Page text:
Good enough

October was … anticlimactic. A bit of a failure. Rain, rain and more rain, accompanied by a gale that tore the leaves from the trees in record time, long before I had the time, inclination and opportunity to go gaze at them. The shops, usually packed to the rafters with skulls and pumpkins, stood bereft of halloweeny crap. Everyone anticipated a very flat all hallow’s eve, and they were not wrong: a total of zero children knocked on my door in search of treats, and they were right. Risk getting a virus for a cheap chocolate? It doesn’t seem like a good exchange.

I ate all the sweets I bought just in case, watched some horror movies, listened to my (ever wonderful) halloween playlist, didn’t carve a jack o’lantern, barely decorated the house and went to bed on a sugar high, low spirits mood.

The good news is we are alive and well. And that’s good enough.

What the living do.

“Johnny, the kitchen sink has been clogged for days, some utensil probably fell down there. And the Drano won’t work but smells dangerous, and the crusty dishes have piled up waiting for the plumber I still haven’t called. This is the everyday we spoke of.

It’s winter again: the sky’s a deep, headstrong blue, and the sunlight pours through the open living-room windows because the heat’s on too high in here and I can’t turn it off. For weeks now, driving, or dropping a bag of groceries in the street, the bag breaking, I’ve been thinking: This is what the living do.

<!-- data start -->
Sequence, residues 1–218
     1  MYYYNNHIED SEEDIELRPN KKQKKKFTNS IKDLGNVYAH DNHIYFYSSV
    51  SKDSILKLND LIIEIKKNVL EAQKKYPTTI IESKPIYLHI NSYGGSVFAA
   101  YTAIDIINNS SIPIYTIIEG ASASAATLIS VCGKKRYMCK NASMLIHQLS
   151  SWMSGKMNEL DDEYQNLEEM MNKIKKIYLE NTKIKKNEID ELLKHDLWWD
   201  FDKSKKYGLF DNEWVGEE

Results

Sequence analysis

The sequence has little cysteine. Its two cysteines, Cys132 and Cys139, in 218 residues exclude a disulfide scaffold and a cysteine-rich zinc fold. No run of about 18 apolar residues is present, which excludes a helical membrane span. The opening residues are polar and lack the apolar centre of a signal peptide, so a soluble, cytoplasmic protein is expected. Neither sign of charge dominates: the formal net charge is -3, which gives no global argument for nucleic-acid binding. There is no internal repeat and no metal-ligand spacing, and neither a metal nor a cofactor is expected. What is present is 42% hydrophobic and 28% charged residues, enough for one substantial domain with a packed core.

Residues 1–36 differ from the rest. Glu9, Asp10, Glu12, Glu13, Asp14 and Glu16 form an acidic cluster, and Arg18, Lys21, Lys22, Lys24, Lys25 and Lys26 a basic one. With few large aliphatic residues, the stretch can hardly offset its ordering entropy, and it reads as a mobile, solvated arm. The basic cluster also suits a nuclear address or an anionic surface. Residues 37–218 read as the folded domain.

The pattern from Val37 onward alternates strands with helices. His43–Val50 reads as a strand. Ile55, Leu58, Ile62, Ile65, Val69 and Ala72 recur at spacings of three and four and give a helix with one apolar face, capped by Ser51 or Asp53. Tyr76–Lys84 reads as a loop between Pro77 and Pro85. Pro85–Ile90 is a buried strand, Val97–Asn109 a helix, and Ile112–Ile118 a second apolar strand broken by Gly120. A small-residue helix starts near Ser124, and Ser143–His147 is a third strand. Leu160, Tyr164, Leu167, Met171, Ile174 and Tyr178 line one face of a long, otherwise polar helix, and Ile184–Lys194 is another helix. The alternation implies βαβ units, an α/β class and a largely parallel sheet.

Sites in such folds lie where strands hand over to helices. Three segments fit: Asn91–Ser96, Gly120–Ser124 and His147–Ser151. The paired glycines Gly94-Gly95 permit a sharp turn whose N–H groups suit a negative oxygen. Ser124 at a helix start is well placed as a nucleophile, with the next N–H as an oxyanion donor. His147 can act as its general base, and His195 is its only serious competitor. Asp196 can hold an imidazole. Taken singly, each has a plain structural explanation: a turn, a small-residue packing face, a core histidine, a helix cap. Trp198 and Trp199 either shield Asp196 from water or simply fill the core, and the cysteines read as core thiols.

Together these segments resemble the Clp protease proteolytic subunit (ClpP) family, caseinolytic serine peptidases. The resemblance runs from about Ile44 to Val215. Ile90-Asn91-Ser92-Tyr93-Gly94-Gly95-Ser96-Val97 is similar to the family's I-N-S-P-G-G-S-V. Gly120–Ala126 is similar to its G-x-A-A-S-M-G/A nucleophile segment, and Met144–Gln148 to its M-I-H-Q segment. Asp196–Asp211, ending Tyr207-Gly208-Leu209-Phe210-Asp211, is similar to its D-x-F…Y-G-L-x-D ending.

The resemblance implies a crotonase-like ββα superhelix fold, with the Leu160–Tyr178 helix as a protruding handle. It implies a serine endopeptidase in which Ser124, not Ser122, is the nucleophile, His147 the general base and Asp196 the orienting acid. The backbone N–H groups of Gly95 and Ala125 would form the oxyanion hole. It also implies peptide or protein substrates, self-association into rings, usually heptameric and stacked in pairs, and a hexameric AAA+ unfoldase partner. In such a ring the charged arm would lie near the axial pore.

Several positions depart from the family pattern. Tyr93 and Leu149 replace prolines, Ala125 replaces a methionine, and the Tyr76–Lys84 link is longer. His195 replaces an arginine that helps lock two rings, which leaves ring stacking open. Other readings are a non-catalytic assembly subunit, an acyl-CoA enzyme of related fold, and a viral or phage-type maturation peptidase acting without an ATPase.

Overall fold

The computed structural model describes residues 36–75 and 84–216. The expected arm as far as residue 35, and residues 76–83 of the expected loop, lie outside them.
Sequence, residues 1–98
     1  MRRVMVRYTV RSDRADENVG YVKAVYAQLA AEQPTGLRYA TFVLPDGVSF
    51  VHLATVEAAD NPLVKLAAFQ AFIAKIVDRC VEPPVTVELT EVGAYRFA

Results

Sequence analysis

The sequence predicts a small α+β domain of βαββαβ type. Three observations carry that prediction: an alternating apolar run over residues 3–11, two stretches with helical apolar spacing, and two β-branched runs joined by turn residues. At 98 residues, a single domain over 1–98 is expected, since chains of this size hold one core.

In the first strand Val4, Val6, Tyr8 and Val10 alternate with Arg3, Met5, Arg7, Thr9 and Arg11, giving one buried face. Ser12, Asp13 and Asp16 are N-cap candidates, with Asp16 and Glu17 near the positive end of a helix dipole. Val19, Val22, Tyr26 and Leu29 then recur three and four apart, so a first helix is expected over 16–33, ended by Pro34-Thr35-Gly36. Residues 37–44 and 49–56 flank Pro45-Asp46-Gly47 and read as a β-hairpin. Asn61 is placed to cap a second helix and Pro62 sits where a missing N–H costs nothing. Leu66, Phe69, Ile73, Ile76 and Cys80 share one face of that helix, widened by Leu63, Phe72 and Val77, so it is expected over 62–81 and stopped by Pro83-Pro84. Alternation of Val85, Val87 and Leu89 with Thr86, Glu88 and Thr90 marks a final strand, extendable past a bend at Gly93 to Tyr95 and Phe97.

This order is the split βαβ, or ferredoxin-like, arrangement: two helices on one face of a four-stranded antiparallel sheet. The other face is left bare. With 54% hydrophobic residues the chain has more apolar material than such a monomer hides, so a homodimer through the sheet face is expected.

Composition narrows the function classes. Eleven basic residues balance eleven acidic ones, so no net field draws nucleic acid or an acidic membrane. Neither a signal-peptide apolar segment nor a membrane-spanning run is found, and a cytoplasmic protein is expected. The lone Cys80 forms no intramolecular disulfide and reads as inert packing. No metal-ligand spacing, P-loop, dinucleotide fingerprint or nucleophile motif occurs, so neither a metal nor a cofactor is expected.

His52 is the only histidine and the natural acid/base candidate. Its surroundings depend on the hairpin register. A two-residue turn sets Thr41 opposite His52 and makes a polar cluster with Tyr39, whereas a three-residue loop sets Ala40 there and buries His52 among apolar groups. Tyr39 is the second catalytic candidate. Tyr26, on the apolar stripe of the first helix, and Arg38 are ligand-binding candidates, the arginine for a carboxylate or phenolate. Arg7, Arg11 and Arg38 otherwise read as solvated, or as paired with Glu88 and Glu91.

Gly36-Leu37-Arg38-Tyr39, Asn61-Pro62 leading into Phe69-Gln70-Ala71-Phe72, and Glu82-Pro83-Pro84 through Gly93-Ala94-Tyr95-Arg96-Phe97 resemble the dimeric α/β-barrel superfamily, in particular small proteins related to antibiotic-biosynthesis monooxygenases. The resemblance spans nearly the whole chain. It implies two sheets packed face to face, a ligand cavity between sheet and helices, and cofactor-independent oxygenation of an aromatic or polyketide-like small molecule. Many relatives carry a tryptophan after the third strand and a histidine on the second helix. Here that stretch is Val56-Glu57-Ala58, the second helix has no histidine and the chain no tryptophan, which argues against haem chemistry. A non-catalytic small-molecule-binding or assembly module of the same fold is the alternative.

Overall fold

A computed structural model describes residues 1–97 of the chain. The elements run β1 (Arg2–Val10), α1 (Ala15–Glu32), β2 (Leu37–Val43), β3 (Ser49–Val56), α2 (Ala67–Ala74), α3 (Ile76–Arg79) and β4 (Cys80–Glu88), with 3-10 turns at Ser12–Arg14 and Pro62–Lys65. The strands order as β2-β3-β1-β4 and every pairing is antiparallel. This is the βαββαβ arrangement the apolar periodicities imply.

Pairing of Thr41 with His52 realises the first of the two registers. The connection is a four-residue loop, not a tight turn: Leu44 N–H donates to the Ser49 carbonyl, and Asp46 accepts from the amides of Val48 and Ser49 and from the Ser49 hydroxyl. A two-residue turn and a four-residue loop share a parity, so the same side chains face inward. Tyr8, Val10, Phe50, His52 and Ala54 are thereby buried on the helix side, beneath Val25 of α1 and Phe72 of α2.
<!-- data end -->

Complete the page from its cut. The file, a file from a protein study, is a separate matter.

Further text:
And yesterday, hurrying along those wobbly bricks in the Cambridge sidewalk, spilling my coffee down my wrist and sleeve, I thought it again, and again later, when buying a hairbrush: This is it.

Parking. Slamming the car door shut in the cold. What you called that yearning.
What you finally gave up. We want the spring to come and the winter to pass. We want whoever to call or not call, a letter, a kiss–we want more and more and then more of it.

But there are moments, walking, when I catch a glimpse of myself in the window glass, say, the window of the corner video store, and I’m gripped by a cherishing so deep for my own blowing hair, chapped face, and unbuttoned coat that I’m speechless:

I am living. I remember you.”

– Marie Howe